Monday, August 18, 2008

Qu'est-ce que c'est, le EFT?

This is an intro video from the founders of Emotional Freedom Techniques (EFT). EFT is a relatively modern way of accessing the meridian system of acupuncture. In the video it's described as "acupuncture without needles", and that's a pretty good description, except that you may get much quicker results with EFT than with acupuncture.

How is that possible? First, understand that there are as many different styles of acupuncture as there are of cooking. To say that you practice acupuncture is the same thing as saying that you cook "Chinese food" - there really isn't any such thing. Yes, all acupuncture uses needles, but that's like saying all Chinese cooking uses heat. What is the theory behind where you put the needles? How big are the needles you use? Do you even break the skin at all? (Some styles don't.) What names do you have for the points? Do you needle symmetrically or asymmetrically? Every day or once a week? And on and on and on.

The style of acupuncture most people learn in Chinese medicine school in the U.S. is a kind of "herbal acupuncture" - the points themselves get stuck with specific functions that are always the same. But this is not how the points work. It was an herb teacher who told me that acupuncture is actually much more complex and harder to master than herbology, even though there are a limited number of points (about 400) and virtually limitless numbers of herbs (300-500 used in daily practice, but hundreds of thousands of natural substances - animal, vegetable, mineral - have documented medicinal effects in Chinese medicine). Once you learn what each specific herb does and how it combines with other herbs, you can rely on it to have more or less the same action every time you use it, adjusting for individual constitutional types.

Acupuncture points are much more mysterious. What happens when you put a needle into a person's body is influenced more than anything by the state of health of the acupuncturist - and secondarily by the meridian it is located on, how skillfully you locate it, how skillfully you manipulate it, if you get the qi, what you do with it once you get it, the time of day, the weather, geography, the doctor-patient relationship, and on and on. Acupuncture points don't necessarily do the same thing every time, and to pretend that they do is a little silly.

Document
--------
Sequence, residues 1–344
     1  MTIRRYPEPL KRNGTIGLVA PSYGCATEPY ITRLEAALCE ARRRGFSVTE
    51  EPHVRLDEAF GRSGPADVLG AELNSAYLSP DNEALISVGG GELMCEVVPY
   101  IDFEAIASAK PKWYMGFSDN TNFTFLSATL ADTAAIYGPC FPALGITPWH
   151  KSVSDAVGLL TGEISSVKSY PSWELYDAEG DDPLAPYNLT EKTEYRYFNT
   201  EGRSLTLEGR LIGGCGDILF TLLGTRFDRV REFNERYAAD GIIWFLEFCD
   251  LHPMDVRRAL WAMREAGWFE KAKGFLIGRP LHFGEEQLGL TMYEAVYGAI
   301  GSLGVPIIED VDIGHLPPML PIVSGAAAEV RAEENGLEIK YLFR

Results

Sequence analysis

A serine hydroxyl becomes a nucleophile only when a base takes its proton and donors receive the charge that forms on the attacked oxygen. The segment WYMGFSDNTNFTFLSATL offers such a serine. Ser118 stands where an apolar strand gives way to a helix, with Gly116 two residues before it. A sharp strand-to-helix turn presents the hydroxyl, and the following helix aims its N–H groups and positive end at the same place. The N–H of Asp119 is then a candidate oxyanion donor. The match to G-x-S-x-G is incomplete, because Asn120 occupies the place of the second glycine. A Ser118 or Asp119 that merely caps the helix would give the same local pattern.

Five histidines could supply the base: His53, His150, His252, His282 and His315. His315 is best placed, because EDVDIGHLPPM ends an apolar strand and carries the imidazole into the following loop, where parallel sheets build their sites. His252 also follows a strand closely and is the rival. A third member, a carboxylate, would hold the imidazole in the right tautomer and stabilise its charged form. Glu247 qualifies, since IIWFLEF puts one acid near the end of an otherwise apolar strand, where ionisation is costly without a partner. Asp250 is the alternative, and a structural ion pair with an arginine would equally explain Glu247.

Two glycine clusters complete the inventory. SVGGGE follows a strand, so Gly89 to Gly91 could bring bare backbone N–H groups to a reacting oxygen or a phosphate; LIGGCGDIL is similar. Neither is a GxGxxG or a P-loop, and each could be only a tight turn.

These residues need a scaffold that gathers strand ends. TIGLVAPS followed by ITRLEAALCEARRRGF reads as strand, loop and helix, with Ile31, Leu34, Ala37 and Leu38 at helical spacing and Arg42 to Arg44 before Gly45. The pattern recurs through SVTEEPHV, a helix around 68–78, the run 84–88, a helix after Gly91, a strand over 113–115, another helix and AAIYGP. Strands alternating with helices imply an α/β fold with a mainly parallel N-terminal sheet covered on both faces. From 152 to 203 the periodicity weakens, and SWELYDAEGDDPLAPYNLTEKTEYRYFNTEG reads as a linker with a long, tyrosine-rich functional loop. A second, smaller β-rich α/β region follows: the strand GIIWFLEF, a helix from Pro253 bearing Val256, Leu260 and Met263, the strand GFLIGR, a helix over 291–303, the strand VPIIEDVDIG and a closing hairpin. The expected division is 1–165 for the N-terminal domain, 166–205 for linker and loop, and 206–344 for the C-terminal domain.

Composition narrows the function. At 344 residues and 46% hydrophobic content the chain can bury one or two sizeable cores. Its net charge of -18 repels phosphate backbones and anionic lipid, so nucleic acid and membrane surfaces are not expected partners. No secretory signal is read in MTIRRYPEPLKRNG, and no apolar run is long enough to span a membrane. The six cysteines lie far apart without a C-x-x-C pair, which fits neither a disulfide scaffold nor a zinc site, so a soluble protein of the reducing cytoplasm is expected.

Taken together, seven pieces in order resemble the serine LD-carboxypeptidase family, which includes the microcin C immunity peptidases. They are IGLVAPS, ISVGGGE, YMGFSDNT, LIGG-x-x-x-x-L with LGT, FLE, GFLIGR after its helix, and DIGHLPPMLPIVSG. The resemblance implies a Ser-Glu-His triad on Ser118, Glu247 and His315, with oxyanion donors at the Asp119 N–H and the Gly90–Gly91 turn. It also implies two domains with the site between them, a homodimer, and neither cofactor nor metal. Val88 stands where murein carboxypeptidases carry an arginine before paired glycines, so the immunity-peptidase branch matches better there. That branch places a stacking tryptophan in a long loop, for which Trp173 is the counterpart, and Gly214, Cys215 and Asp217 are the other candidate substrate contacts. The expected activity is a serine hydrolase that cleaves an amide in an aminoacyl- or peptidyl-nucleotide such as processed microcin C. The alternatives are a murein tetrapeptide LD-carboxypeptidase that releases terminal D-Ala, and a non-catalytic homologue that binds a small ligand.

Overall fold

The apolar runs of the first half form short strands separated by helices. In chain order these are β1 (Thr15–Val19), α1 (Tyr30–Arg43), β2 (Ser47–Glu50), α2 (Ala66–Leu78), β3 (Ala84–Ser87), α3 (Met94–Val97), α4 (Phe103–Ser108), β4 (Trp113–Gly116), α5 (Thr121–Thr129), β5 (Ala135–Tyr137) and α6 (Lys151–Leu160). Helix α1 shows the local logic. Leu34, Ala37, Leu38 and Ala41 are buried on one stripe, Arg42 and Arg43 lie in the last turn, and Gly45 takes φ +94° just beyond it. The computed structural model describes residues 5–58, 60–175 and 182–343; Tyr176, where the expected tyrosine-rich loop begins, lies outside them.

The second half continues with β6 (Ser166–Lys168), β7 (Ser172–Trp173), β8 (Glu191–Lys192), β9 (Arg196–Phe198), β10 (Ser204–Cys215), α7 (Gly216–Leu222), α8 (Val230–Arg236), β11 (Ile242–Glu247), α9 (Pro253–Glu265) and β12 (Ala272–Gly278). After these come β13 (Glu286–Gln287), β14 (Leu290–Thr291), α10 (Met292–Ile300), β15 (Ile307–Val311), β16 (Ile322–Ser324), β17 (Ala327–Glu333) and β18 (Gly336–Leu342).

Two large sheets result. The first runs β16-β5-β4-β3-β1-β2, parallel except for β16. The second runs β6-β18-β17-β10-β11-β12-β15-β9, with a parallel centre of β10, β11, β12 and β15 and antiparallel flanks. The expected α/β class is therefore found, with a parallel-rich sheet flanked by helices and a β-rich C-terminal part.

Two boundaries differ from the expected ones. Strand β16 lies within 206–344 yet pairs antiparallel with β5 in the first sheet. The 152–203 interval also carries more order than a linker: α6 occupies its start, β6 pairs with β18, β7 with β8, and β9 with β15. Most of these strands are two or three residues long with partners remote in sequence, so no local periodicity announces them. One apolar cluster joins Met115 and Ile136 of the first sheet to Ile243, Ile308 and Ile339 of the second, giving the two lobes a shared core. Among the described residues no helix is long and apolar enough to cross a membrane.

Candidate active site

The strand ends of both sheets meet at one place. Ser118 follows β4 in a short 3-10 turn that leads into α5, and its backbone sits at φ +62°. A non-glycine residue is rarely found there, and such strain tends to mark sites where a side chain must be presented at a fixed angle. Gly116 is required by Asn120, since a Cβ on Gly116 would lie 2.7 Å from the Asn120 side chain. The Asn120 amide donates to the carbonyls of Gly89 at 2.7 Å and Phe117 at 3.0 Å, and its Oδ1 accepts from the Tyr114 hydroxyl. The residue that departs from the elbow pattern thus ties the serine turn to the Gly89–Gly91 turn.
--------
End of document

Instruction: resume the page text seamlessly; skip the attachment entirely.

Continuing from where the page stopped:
There are other schools or styles of acupuncture that have many followers. For instance, there is the Tung style, about which this website says:
Tung Style Acupuncture uses points different from those found in most present-day TCM acupuncture texts. While many of the Tung points are found on the twelve regular channels they are, however, in distinct locations from the 360+ points presented in the aforementioned TCM acupuncture texts. They are also largely distinct from the miscellaneous 'extra' or 'non-channel' points described in most contemporary TCM acupuncture texts.

The Tung Style Acupuncture points chosen for the treatment of any given malady are located mostly on the extremities and at a distance from the site of the lesion or pathology. Furthermore, the number of points required to successfully ameliorate any given ailment is fewer than that required in most current TCM acupuncture texts to treat the same malady.

The best acupuncturists, in my experience, are those that have a good "eye" for "seeing" blockages in various meridians. Information about blockages can be gathered in many ways - taking the pulse and palpating various body structures is one of the most reliable. When they find a blockage, they unblock it. That's it. Sometimes a diagnosis is not even necessary. Look for blockages, unblock them. Patient gets better.

EFT is a way for people to very quickly assess where the blockages are in their body. Through some admittedly funny-looking techniques (tapping yourself with your fingertips on the face being one of them) you can find blockages and release them.

If you read yesterday's post, you know that blockages can be caused by three things: the weather (traditionally called the six evil qi - wind, heat, cold, dryness, dampness, and something called summerheat), excessive emotion (that's your internal weather - anger, fear, joy, grief, worry, shock, melancholy) and external trauma caused by snake bite or kung fu battling.

With EFT, the cause of the blockage doesn't matter. With the help of an experienced EFT practitioner, you can find and eliminate the blockage very quickly.

Yosan alum Yang-chu Higgins is an EFT practitioner and is leading a workshop this Wednesday in Los Angeles called Enhancing Self-worth with Tapping. For more information, call 310-397-8523.

For more information on non-mainstream acupuncture, see these books:

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